Lessons learned from a 25-year career in Advertising. When you’ve been in the industry as long as I have, you collect a lot of lessons—some good, some bad. These lessons have shaped my career and it doesn’t seem fair to keep them all to myself. Check out a few below and please, learn from my mistakes.
Lesson: Don’t Throw the Phone
Story: This actually isn’t about advertising, but about work/life balance.
Those who know me, know I’m fairly tolerant (though I’m getting less tolerant with age). But I, and those who sat near me, will never forget this day. We laugh about it now, but it was not funny at the time (another lesson, life is short, try and go with the flow).
Let me set the scene. It’s Friday. I’m working on the General Motors (GM) Retail business. We’re in the middle of launching the latest retail offer and on day 4 of 24/7 mode to activate the offer across all of the US dealer groups.
That morning on my way to work, I dropped my car off at the dealership for service and was planning to pick it up after work. The dealer called me around 3 p.m. to let me know the car was ready. I blinked and the next thing I knew (after endless copy revisions and legal disclaimers to finalize the offer) it was 7 p.m.—welcome to life in advertising. I also realized that I had completely forgotten to pick up my car…on a Friday, that I needed all weekend. And here’s a fun fact about Detroit, car dealers are not open on the weekends.
Even though I knew it was futile, I quickly called the dealership only to confirm my worst fear and received the, “We are now closed,” message. While being faced with the realization that I had no vehicle until Monday, and that all of my weekend plans would suffer… “it” happened.
I was so mad I could feel my blood boiling—as my anger filtrated my body I couldn’t help myself—I threw the phone against the wall. Everyone stopped and stared. I myself was in shock. The dent in the drywall proved it was, in fact, real. At that moment I was just so mad at my job, the project, and my life in advertising. But really, it’s about getting a grip—on priorities and emotions. And remembering that others are always watching.
Needless to say I was mortified by my reaction. The only reason it’s even funny now is because it was so not like me to do that. Even 10 years later, our print producer, who happened to be walking by my office that day at that exact moment would say, “Remember that day when you threw your phone?” Lol. We still laugh about it, but it was a good lesson about keeping your emotions in check. And, also a reminder of just how big our problems can feel in the moment. For the record, I stayed home that weekend, got rides from friends…and actually enjoyed not having plans!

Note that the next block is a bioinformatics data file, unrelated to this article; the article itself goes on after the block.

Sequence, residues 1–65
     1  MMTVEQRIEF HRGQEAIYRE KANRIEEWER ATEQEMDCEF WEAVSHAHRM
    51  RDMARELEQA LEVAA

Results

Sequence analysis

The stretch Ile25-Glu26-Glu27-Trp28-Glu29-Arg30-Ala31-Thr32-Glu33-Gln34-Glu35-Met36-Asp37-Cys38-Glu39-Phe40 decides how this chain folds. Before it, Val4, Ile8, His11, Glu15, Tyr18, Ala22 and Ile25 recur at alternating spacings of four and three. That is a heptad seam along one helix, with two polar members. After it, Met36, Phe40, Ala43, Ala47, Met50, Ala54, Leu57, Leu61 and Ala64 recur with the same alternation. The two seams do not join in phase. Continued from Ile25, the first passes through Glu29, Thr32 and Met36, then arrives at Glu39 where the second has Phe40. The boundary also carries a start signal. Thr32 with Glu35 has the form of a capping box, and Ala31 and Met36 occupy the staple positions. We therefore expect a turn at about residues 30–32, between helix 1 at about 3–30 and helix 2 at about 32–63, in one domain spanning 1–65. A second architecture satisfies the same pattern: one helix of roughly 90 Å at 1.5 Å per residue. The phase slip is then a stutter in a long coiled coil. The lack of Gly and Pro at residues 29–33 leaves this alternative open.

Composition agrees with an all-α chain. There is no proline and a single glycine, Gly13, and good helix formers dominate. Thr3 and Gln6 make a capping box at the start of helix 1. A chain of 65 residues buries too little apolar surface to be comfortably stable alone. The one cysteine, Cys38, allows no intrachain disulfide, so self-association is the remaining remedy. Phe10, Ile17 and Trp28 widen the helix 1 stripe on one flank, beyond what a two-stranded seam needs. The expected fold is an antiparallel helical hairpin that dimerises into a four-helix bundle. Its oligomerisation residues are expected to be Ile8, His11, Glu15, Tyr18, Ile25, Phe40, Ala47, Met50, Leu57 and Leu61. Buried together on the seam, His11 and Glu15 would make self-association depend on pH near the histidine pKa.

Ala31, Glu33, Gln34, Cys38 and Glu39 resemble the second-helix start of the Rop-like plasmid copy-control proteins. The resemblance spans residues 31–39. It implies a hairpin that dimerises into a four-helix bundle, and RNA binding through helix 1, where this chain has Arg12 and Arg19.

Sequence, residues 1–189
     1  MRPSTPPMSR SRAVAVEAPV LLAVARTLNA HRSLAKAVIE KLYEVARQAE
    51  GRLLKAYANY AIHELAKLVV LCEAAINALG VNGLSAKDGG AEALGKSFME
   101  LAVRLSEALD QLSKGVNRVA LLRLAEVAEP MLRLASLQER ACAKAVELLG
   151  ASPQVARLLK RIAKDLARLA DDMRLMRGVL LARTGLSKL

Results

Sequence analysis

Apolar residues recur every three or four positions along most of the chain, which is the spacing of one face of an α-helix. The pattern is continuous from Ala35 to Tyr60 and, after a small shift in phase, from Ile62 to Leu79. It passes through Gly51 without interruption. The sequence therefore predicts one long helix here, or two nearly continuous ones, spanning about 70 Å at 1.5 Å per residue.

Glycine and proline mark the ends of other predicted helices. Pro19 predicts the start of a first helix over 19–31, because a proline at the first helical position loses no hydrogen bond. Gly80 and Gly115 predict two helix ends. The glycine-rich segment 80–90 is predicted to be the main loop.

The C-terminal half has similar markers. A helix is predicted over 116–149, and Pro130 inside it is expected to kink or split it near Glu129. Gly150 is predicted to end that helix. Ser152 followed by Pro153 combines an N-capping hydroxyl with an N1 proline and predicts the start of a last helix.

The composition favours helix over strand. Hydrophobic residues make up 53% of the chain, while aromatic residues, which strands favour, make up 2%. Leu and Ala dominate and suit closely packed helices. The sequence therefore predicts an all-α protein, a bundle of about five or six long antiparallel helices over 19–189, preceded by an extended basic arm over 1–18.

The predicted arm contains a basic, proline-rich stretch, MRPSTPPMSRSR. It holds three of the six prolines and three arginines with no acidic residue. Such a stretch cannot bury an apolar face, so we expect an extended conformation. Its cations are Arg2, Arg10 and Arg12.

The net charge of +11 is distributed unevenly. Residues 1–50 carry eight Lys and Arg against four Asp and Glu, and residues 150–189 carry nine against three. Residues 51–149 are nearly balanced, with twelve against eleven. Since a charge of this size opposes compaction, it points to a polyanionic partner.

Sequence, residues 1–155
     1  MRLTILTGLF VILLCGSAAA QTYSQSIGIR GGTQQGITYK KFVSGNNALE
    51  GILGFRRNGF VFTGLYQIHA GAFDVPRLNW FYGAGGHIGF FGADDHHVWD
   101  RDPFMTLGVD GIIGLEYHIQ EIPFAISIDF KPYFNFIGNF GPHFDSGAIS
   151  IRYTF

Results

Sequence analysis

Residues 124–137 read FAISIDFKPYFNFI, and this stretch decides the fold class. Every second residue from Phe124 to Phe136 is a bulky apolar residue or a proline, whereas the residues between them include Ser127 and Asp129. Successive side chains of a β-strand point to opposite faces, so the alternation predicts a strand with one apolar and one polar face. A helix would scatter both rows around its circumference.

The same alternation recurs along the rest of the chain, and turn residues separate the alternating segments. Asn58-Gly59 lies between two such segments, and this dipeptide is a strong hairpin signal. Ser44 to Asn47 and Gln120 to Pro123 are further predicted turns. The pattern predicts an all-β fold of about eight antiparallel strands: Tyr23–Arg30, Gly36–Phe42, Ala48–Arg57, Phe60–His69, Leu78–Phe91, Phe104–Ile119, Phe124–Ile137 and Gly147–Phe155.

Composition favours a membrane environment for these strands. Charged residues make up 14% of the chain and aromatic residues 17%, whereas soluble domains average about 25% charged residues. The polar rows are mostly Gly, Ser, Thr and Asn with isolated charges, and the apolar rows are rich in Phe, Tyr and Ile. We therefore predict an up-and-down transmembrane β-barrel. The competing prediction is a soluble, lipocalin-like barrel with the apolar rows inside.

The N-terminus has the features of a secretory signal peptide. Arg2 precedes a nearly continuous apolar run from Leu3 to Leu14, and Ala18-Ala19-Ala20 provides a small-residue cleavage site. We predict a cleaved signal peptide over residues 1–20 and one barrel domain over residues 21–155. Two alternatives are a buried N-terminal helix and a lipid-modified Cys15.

Real Lesson: Manage your time, your head, and emotions, better.
Lesson: NEVER send an email with numbered bullet points containing client feedback to the creative team. Never.
Story: Let’s just say, I was young. We had a big client meeting and I was all proud to return to my office and type up notes to share (and prioritize them based on my interpretation of what the priorities should be) for the creative team. Unfortunately, our Executive Creative Director did not seem to appreciate the bulleted information as I had hoped. He called me into his office and—to put it lightly—“let me have it” about not only making decisions on what the creative team should or shouldn’t do…but also dictating a certain order of priority! Thankfully for the creative teams that have followed, this lesson has stuck with me.
Real Lesson: Have a conversation.
Lesson: Don’t drink more than 4 Sunrise Tequila martinis at the Christmas Party (lessons from a friend…for real, I don’t even drink tequila!)
Story: Where this “story” goes is fairly obvious, but needless to say, there was a lot of “regurgitating”, and a lot of office water-cooler talk the next morning. Don’t be that guy.
Real Lesson: Have fun, but be smart. Your measurement for fun should be waking up the next morning and not being embarrassed or regretful of the night before. If you’re having too much fun, you are probably having too much fun. Go home, or take your 2-3 colleague-in-crime and go somewhere else where nobody (you work with) can witness your behavior. We work in an industry that promotes all of us being social, and whether you drink or not, these types of lessons are much harder learned the hard way.
But now, a moment of seriousness. Life is short folks—be proud of what you do, and do good work for good clients. But find your balance. Find a shop that encourages you to live that balance. One like I’ve found at Amélie—the first job I have ever loved (it only took me 25 years to find it) with people I consider not just co-workers, but also friends. You will never regret the time spent with family (except for maybe right now, lol). Take the time to prioritize your family, friends, and the small things that bring you joy. Do that now, and remember what my mom has always told me, “Your gravestone will NEVER read, ‘I wish I had worked more.’”
Managing Director, Account